I recently got in touch with Ollie Lucks and Miranda Bellamy to let them know that I was working on this piece, and to see if they would like to add anything. Ollie, very kindly, wrote, “through working with Nick I learned the importance of vulnerability. It is the message of the film, and Nick puts it so well when he says that in order to grow one needs to let down armour. He was a gentle teacher.”
Miranda wanted to point out that The Characteristics of C-Minor, Nick’s gentle and powerful teachings, reached farther than Blue Oyster, and Dunedin. She wrote that it brought her great joy to think about all of the international film festivals that C-Minor was shown at. In her email she tried to remember, “20 I think?” From Byron Bay to Switzerland to Indonesia to Estonia, where Nick skyped in to answer audience questions, his big grin on the big screen.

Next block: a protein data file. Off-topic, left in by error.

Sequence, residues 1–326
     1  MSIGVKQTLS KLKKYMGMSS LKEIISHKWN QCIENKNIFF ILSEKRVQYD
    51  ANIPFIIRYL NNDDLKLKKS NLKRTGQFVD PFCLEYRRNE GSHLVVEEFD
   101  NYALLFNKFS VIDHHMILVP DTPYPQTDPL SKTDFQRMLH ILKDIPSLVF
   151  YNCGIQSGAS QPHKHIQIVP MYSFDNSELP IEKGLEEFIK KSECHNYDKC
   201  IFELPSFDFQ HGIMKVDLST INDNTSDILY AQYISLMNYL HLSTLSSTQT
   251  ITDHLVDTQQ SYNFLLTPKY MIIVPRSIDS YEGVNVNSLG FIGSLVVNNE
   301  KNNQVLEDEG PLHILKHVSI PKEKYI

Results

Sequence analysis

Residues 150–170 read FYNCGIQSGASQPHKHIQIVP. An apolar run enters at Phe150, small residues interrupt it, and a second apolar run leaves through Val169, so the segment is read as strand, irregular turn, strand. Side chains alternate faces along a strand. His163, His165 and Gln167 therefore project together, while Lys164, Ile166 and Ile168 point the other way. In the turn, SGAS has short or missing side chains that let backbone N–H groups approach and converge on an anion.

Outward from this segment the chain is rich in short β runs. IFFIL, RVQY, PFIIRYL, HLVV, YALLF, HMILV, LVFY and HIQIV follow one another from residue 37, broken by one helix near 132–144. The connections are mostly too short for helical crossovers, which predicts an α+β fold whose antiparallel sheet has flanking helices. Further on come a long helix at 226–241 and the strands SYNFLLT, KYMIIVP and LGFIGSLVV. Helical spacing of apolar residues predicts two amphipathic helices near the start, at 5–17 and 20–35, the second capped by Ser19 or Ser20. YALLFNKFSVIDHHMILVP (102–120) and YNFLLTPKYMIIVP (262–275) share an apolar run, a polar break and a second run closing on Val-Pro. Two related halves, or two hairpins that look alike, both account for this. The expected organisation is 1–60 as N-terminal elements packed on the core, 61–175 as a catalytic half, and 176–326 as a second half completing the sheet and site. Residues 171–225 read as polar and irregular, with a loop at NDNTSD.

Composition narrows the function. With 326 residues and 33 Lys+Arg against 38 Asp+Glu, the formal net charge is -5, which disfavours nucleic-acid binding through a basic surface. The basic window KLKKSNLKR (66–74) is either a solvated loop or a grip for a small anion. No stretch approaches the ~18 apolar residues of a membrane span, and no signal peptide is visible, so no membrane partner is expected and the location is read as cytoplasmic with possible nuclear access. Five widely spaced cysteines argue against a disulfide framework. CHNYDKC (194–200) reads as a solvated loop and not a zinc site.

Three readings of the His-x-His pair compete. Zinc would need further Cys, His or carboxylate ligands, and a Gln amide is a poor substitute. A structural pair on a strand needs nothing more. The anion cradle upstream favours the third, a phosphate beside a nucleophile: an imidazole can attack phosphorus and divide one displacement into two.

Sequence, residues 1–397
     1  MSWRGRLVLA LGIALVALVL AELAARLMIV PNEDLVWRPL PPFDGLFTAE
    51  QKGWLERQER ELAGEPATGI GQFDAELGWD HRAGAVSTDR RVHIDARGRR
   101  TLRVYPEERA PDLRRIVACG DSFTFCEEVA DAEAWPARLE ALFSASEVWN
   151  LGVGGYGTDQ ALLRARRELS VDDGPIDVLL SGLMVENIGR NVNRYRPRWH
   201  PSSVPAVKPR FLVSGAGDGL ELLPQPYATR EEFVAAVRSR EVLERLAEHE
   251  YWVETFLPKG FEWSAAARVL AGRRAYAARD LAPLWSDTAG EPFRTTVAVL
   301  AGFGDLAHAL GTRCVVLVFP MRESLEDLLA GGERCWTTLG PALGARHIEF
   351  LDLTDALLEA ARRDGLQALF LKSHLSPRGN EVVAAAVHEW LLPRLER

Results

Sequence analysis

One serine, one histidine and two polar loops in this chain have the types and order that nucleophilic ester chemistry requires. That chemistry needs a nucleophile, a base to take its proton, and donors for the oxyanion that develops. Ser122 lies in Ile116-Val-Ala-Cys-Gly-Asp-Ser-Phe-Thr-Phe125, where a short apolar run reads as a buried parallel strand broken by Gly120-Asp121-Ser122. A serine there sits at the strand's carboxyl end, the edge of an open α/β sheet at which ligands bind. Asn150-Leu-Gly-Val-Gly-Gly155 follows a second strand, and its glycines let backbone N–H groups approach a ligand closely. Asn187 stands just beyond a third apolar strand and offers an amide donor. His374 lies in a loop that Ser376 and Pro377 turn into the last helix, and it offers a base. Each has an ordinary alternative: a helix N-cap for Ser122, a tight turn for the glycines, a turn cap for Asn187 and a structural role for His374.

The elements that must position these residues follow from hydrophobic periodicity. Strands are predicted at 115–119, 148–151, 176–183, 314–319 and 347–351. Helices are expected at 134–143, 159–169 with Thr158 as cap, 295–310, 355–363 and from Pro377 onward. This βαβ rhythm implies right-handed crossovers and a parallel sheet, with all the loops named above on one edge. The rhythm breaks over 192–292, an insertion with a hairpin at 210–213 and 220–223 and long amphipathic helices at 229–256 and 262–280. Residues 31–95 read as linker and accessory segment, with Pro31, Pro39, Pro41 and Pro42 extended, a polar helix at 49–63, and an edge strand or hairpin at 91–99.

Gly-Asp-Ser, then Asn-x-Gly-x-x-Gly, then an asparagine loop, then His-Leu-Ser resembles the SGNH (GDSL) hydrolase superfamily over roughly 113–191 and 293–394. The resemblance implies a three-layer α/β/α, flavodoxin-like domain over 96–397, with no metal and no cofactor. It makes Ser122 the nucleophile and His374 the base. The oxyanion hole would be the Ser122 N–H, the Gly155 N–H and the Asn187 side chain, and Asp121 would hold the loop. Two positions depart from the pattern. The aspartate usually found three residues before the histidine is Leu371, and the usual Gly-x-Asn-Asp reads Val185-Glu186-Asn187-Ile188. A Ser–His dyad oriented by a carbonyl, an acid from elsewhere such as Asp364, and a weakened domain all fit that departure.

There are pieces in Blue Oyster’s archive that are not unlike treasure. Rarities with values that might not be understood by everyone, but to others, might conjure up a great sense of wonder, or even grief. Past and present directors, administrators, interns and volunteers of Blue Oyster are immensely grateful to have had Nick Knox share his music and his stories in their familiar, creative space.
As Nick answers the question, “Was there something else that kept you grounded?” he assures his audience that it wasn’t always dark, and he wasn’t always tormented. There were ecstatic moments too.
“Extreme highs, extreme lows,” the asker adds.
“Yeah,” Nick says, “pretty much,” and he launches into ‘Resuscitate’.
Reuben Scott is a fourth year English student at The University of Otago, and an intern at Blue Oyster, working on and writing about the gallery’s archives, a vault of more than twenty years of exhibitions. Through fronting his band Three Quarter Marathon in Dunedin for three years, Reuben has earned a great appreciation for Dunedin music, past and present. Recognising Nick Knox as a key figure in a scene so rich made this piece of writing seem essential.